In her recent TED Book, Save Our Science: How to Inspire a New Generation of Scientists, Ainissa Ramirez makes an impassioned call for a recommitment to improve science, technology, engineering, and math (STEM) education in our schools and throughout our society. The post below is an excerpt from the book’s Introduction.
Listen now, for the sound that forevermore separates the old from the new:
“Beep … beep … beep… beep ….”
— NBC radio announcer introducing the first transmitted sounds from the Soviet Sputnik satellite (Oct. 4, 1957)
Just as the first faint electronic sounds from an orbiting satellite marked a transformative advance in international science more than a half-century ago, we are now beginning to hear new signals of a similar dramatic and important shift with our children, their schools, and our educational system.
The 21st century requires a new kind of learner—not someone who can simply churn out answers by rote, as has been done in the past, but a student who can think expansively and solve problems resourcefully. The traditional academic skills of reading, ’riting, and ’rithmetic must be replaced with creativity, curiosity, critical thinking and problem solving, and collaborative and communication skills in order to solve the complex problems of tomorrow.
As a scientist and inventor who holds more than six patents, as a longtime professor at Yale University, and as someone who has always been passionate about getting kids excited about science, I have made it my goal to better explain the need for and importance of STEM.
While the acronym STEM sounds very important, STEM answers just three questions: Why does something happen? How can we apply this knowledge in a practical way? How can we describe what is happening succinctly? Through the questions, STEM becomes a pathway to be curious, to create, and to think and figure things out. Our children need these skills for their future as workers in the changing economy, and STEM is a critical route to get them there.
The components of STEM not only build economies, but also build children’s minds and provide an ecology that is needed for their emotional and intellectual development. STEM supports growth in areas like interacting with others and with one’s surroundings, building concepts, forming connections, engaging in communication, and seeking discovery. These are developmental stages that make children whole, empathetic, resilient, creative, and happy adults.
Now imagine that knowledge is a multisided box. When we teach children to simply memorize material so they can pass tests, we give children access to the knowledge on only one side of the box. So when life tosses this box up (as it certainly will), it may not land on a side that is visible and accessible. In this case, the kids don’t have access to the knowledge.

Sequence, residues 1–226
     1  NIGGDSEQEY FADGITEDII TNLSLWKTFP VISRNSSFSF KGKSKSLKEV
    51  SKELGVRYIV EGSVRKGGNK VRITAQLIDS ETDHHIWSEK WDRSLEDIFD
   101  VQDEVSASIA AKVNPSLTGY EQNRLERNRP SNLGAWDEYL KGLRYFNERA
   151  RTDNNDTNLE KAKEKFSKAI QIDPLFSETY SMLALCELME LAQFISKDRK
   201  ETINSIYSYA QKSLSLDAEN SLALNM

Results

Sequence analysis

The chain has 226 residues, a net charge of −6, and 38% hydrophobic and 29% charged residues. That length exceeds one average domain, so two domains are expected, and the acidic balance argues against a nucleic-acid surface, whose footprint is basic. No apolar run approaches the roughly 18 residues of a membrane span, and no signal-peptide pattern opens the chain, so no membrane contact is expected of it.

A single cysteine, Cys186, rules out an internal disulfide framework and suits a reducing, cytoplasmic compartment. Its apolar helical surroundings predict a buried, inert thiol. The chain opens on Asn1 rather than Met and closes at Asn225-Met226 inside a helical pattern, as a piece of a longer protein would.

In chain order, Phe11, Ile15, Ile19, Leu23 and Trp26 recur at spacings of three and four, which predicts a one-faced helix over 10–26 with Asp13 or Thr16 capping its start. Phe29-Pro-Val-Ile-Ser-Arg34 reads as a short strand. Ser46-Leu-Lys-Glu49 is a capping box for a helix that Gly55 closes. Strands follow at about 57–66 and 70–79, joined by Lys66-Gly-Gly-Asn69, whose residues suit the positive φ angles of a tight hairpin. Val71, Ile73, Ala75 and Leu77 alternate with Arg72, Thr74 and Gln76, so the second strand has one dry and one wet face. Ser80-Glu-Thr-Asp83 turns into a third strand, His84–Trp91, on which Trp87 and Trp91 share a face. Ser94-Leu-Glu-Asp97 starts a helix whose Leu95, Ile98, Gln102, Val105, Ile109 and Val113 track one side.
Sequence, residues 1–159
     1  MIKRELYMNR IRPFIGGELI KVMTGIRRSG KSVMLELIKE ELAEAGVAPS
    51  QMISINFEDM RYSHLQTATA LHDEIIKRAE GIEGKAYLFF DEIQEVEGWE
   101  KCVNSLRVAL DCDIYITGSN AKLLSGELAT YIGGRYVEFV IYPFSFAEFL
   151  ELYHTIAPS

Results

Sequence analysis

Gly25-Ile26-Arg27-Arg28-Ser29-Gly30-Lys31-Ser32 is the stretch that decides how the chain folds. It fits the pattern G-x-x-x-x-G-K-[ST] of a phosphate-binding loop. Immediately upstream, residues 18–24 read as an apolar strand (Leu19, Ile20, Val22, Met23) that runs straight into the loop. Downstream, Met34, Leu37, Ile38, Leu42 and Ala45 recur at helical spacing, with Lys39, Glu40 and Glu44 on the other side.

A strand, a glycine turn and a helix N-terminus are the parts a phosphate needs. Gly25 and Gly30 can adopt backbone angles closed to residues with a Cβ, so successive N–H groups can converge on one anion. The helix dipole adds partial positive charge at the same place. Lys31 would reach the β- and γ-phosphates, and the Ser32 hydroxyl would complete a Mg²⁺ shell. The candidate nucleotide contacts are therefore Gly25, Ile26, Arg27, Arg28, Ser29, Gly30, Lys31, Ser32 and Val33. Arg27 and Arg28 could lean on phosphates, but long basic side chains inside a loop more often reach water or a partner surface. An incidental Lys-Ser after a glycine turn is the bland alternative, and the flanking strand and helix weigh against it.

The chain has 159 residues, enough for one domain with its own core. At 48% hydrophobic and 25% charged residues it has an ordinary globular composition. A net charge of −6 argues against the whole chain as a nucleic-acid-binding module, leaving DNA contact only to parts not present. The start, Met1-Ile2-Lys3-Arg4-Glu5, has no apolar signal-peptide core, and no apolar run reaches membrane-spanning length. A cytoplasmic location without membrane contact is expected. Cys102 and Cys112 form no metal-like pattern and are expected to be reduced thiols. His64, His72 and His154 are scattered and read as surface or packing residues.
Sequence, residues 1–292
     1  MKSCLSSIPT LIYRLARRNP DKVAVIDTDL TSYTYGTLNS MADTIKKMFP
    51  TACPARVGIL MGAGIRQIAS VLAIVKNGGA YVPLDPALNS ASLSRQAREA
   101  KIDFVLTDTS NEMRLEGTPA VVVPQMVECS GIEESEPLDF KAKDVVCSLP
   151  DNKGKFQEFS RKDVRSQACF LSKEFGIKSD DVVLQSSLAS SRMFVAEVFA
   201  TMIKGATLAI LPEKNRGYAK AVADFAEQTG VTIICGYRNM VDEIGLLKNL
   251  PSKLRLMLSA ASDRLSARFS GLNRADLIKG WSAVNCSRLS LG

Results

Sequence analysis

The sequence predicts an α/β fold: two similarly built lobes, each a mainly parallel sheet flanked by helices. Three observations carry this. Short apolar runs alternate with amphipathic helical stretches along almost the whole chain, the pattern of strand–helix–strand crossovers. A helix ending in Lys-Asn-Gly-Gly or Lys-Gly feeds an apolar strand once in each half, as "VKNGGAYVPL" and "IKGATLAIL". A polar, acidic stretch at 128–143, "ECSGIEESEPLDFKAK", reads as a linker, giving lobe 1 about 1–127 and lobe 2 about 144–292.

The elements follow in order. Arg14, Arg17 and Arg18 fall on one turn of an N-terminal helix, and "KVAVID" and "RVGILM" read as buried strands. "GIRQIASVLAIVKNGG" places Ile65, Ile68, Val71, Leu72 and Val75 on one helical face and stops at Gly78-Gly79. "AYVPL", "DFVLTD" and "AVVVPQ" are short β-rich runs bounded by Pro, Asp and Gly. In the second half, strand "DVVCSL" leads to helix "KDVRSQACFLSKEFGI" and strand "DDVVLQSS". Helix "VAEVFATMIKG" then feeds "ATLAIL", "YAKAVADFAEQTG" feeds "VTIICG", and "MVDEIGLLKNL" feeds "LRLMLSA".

The end-result answers are not the only things that kids need to know. They need to learn to navigate the course of acquiring knowledge—essentially, to get to the answers by being curious and coming up with a lot of questions, a lot of whys. They need to get accustomed to learning from different directions, playing with concepts, and figuring out how to ask the whys in order to gain access to knowledge. This process is more important than having the knowledge itself, and it is why we must step away from memorization and get back to figuring things out in a variety of ways. This is one of the most important skills of the 21st century.
My training as a scientist allows me to stare at an unknown and not run away, because I learned that this melding of uncertainty and curiosity is where innovation and creativity occur. Science has taught me the power of persistence and patience, and also has shown me that failure is a friend. My curiosity fuels and motivates me more than any shiny bobble could, and my ability to understand and think gives me a love and admiration for the planet matched only by my esteem for artists and saints.
For me, not knowing STEM would be like having a partially translated poem: some of the beauty gets lost. Knowing STEM inspires me to make the world a better place and gives me the tools to do so. My passion is to make it possible for others, especially the next generation, to experience this vantage, too. A STEM mindset is one of the best legacies we can leave our children.
Ainissa Ramirez (@blkgrlphd) is a science evangelist who is passionate about getting kids of all ages excited about science. Before taking on this call, she was an associate professor of mechanical engineering at Yale University. Currently, she is writing a book on the science behind football with NYT bestselling author Allen St. John entitled Newton’s Football (Ballantine books). She is also the author of the new ebook Save our Science: How to Inspire a New Generation of Scientists, in which she advocates on how to humanize the sciences and introduces them into everyday life.